Letters to the Editor

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Sometimes it seems there's a select small inbred club reading those letters to the editor - but it includes the politicians trying to keep an ear to the ground. Letters to the editor really work to make a difference.

This fall, as the election heats up, the Vermont Rail Action Network is mounting a campaign to insure rail is perceived as an important issue.  Please write a letter to your local newspaper reinforcing the importance of rail.  The following article is an excellent introduction.

At the end of this article are links and contact information for submitting your letter to each major Vermont newspaper.  Thanks!


By Rebekah Patnode

Letters to the Editor are an opportunity to “be the press” for a moment, but come with limitations.  Publishing is up to the discretion of the Editor, so following some guidelines is recommended if the ultimate objective is to be published.  Note that different publications have individual recommended guidelines, so writers should refer to each individual Editor’s wishes regarding length of the letter, etc.

Ÿ         Letters should, unless otherwise stated, be between 250-350 words, or several concise paragraphs.

Ÿ         The subject matter should be clearly stated within the first two sentences.

Ÿ         Assertive, diplomatic language should be used.  Avoid obvious or redundant phrases like “I am writing to” and “It is my opinion”, obscenities, conspiracies, judgmental language, and unreferenced character assassinations.

Ÿ         A reference to a recent article published in that paper or a local reference to a publicized national or larger regional issue is key.  This should be the focus of the letter, and should be mentioned at least at the beginning and end of the letter.

Ÿ         The writer should state his or her opinion as fact and provide sufficient information to back it up.

Ÿ         Letters should provide a fresh perspective on a single topic.  For instance, “Railroads in Vermont need more infrastructure investment, and our state representative should vote to support that” as opposed to “Railroads need more support, and so are the cuts to school funding, increased cost in healthcare, and the dog leash laws, and our representative supports all of these.”

….So, Keep it Diplomatic, Concise, Referenced, and Local!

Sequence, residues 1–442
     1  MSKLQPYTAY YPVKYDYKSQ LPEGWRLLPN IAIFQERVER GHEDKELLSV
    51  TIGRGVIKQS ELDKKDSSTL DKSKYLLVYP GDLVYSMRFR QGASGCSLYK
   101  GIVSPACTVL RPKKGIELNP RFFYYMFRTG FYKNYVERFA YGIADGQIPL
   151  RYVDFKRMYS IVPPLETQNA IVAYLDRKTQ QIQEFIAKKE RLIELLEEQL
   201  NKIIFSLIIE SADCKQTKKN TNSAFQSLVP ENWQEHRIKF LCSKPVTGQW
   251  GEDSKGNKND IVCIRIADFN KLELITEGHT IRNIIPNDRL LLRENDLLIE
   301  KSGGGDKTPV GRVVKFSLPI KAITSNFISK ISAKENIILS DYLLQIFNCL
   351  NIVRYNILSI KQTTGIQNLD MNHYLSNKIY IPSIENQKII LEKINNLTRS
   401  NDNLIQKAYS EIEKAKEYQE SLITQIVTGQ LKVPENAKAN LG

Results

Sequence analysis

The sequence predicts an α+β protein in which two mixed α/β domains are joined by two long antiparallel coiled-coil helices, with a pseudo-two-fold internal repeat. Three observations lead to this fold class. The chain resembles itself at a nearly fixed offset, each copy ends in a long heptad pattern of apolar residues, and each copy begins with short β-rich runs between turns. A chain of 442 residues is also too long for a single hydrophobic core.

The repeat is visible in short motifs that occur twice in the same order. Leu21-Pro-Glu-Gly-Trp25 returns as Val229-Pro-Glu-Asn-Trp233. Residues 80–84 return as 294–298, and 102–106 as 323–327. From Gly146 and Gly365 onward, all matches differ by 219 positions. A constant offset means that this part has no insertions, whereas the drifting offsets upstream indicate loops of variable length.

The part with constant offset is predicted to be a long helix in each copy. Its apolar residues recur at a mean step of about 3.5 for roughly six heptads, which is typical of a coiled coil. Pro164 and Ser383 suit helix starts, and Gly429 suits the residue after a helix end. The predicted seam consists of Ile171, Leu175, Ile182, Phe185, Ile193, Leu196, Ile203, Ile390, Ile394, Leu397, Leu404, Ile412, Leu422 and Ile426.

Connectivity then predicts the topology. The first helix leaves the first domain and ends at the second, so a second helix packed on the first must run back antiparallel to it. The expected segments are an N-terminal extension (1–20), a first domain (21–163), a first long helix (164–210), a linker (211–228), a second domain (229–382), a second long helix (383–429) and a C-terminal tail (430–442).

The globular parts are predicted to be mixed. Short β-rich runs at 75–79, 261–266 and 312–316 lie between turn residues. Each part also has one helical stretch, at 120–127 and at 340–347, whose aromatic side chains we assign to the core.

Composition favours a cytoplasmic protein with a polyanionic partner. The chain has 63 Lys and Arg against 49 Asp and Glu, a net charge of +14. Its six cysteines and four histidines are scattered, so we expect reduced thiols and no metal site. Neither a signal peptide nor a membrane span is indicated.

How to Submit a Letter to the Editor

Burlington Free Press

This email address is being protected from spambots. You need JavaScript enabled to view it.
or send to:
P.O. Box 10, Burlington, VT, 05402
To submit an article (or op-ed):
(or click the “get published” link on home page)

Rutland Herald

(or click the “submit a letter” link on left of the home page)

Saint Albans Messenger
(or click “submit content” in top menu)

90 Federal St. PO BOX 8  St. Johnsbury, VT 05819

Addison Independent

Barre/Montperlier Times-Argus
(or click the “submit a letter” link on left of the home page)

Eagle Times

Bennington Banner
425 Main Street, Bennington, VT 05201
(802) 447-7567

This email address is being protected from spambots. You need JavaScript enabled to view it.
Fax (802) 442-3413

Brattleboro Reformer
E-mail This email address is being protected from spambots. You need JavaScript enabled to view it. (preferred method) or mail to Letter Box, Brattleboro Reformer, 62 Black Mountain Rd., Brattleboro, VT05301.


Here's what you can do to stay safe around trains...

Never trespass on any railroad property or right of way!
Doing so is illegal and risks serious injury or death.

Cross only at designated pedestrian or roadway crossings!
Look for a train moving from either direction -- and then look for a second train from either direction.

Always expect a train!
Trains do not have set schedules and can approach from either direction at any time of day or night.
Trains do not take holidays.

Don't stand next to tracks!
Trains can overhang the tracks by three feet on either side, and straps and tiedowns can extend even further.

Never try to beat a train!
Because of their size, you cannot judge a train's speed or distance. Trains cannot make sudden stops. Remember that a locomotive weighs 200 tons. An automobile being hit by a train is equivalent to a soda can being hit by an automobile.